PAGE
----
Food Acquisition and Processing in Primates

pp 177-211

Food Acquisition and Processing as a Function of Plant Chemistry

  • Peter G. WatermanAffiliated withDepartment of Pharmaceutical Chemistry, University of Strathclyde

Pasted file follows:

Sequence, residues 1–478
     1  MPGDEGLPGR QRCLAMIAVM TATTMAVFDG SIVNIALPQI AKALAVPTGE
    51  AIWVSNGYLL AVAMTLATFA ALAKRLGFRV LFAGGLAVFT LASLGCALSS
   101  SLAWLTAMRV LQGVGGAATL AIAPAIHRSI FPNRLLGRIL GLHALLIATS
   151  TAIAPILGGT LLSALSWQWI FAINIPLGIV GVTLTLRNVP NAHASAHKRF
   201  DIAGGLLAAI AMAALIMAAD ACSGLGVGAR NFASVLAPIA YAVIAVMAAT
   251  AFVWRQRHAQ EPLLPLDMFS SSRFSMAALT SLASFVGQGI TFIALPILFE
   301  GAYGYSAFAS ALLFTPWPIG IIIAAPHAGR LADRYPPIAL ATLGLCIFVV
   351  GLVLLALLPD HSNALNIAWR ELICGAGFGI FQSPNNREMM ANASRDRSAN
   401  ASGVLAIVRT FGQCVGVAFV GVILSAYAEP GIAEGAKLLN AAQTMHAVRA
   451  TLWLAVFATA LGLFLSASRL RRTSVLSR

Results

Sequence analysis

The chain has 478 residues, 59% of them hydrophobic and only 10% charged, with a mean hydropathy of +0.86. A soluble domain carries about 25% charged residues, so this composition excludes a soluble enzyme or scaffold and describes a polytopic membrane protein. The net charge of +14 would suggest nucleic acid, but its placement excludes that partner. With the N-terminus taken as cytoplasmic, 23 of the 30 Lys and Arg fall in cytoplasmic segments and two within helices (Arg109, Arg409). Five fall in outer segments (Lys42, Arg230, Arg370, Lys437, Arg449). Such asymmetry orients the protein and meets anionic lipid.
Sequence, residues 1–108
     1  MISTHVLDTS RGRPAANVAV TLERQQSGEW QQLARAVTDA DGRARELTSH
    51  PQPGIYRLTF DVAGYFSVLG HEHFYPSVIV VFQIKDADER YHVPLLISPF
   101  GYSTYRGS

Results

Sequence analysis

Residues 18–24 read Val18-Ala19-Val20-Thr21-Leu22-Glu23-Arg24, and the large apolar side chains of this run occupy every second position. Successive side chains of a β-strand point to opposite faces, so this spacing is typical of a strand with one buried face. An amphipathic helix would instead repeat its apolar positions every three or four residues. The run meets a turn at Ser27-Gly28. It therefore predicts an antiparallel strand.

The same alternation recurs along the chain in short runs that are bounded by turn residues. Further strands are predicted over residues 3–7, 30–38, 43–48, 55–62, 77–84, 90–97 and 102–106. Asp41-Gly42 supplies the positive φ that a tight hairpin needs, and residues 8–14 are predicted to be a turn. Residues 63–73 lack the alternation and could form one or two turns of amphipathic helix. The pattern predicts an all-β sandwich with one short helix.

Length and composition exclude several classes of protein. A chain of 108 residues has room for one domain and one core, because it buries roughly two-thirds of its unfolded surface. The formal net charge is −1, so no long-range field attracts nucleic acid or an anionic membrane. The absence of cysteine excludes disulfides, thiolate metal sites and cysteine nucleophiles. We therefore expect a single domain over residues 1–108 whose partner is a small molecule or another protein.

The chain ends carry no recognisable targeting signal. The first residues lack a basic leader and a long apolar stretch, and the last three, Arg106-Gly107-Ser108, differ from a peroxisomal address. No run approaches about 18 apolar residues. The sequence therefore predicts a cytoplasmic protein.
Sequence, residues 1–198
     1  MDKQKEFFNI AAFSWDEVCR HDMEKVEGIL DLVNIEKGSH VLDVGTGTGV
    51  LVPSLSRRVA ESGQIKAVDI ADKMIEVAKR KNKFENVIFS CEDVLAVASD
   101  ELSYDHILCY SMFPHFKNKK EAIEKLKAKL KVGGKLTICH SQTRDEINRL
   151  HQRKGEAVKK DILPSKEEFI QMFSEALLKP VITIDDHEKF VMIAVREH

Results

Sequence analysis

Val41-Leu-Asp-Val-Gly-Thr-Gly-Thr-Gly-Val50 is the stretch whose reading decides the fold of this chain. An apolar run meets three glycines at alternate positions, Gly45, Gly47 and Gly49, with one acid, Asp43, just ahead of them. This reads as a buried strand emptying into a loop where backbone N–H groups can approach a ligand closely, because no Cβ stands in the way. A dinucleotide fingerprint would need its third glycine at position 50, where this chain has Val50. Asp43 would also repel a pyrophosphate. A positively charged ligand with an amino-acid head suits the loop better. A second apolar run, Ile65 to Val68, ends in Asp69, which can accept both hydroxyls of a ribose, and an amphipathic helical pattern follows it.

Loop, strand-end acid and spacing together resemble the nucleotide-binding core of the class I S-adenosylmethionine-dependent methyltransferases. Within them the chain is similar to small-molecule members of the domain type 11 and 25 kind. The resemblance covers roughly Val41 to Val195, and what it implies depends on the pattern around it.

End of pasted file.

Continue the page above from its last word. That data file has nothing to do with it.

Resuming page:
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Relatively little data exists concerning the energy and nutrient requirements of free-living primates. In the only comprehensive investigation published Nagy and Milton (1979a) recorded an average food intake of 53.5 g/kg/day of mixed fruit and immature leaves by six howler monkeys (Alouatta palliata). Of this about 35% was assimilated, representing a field energy budget of 355 kJ/ kg/day, almost twice the reported basal rate and markedly higher than the rate of 293 kJ/kg/day recorded for two caged howlers. Our knowledge of the minimum requirements of specific nutrients is similarly scant (Kerr, 1972). Protein demand can be assumed to be at least the 1 g/kg/day recommended for man, but could be appreciably higher. Most vitamin requirements are also probably comparable to those of man. Other nutrients required include Ca, Mg, Na, K, P, Cl, S, I, Fe, Cu, Se, Mo, B, Mn and V, and possibly Al, Si, Ni, Cr, Sn, Zn and Co (Kerr, 1972; Nagy and Milton, 1979b).